Full justice for Maori still lacking in Pakeha world
“They hate it when they see we are good looking and articulate.” That’s what my Uncle Syd Jackson used to say about Pakeha New Zealand in the 1970s.
Syd was perhaps the most famous Maori activist of the last generation. He was commenting on Pakeha prejudice toward Maori, who were outspoken on Maori issues.
Uncle Syd, though, was more than just a Maori activist. He was an academic, a union leader, a Maori leader, a role model and inspiration for activists like Hone Harawira, Ken Mair and Tame Iti.
He was also, apart from my dad, the biggest political influence in my life. I was thinking about uncle when two stories broke last week – the Maori rugby tour to South Africa and Sky TV giving former TVNZ presenter Tony Veitch a break on the Murray Deaker show.
Both stories had significant racial connotations and required some explaining.
So first up my bro’ John Tamihere tried to give the simplest explanation on why a Maori team was not racist on our Radio Live talkback show.
JT said that a Maori team was about celebrating our uniqueness, our culture, and was similar to an Australian Aboriginal team or a London Welsh team. He said there was nothing discriminatory at all about having a Maori team, and this was about positive recognition and not racial discrimination.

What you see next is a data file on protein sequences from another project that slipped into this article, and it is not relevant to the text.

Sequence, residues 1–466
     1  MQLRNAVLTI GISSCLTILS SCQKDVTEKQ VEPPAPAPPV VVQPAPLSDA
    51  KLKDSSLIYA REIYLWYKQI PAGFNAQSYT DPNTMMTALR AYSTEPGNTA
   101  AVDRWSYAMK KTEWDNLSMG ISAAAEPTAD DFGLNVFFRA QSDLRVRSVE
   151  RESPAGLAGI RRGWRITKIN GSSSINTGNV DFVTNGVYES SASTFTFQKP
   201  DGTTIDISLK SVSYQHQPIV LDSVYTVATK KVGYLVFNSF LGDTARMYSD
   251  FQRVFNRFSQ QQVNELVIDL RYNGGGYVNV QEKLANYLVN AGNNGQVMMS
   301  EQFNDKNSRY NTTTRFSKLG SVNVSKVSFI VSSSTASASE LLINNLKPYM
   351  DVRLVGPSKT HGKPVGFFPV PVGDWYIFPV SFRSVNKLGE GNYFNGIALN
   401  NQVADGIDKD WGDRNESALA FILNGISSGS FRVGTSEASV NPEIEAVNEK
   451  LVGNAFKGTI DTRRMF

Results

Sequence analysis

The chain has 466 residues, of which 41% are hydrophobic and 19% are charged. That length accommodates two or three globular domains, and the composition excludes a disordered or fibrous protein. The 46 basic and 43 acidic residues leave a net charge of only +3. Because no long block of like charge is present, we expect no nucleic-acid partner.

Now if anyone has a chance at cracking the racial divide then JT does. He probably fits Uncle Syd’s criterion – good looking and articulate – which is tremendously hard for me to concede!
But JT didn’t have a chance. No matter what he said most of the callers couldn’t break through their own racial prejudice and refused to acknowledge the rights of a Maori team.
So I thought from the outset that my chances of converting Pakeha New Zealand to my way of thinking over the Tony Veitch saga would be pretty small.
I have however, been encouraged by the support that I have received.
While most Pakeha don’t accept my justice for Maori argument, and that a Maori would never receive the same opportunity that Veitch has received from Sky TV if they were facing serious criminal charges, many do accept my argument that this opportunity is a basic breach of Kiwi principles, morals.
They also accept that there seems to be a different set of rules for people if they have heavyweight media friends, like Murray Deaker and Paul Holmes advocating for them.
And so I remain optimistic that Kiwis’ intolerance of Veitch being back on TV will one day extend to them recognising what Uncle Syd used to talk about, when he spoke about equal justice for Maori.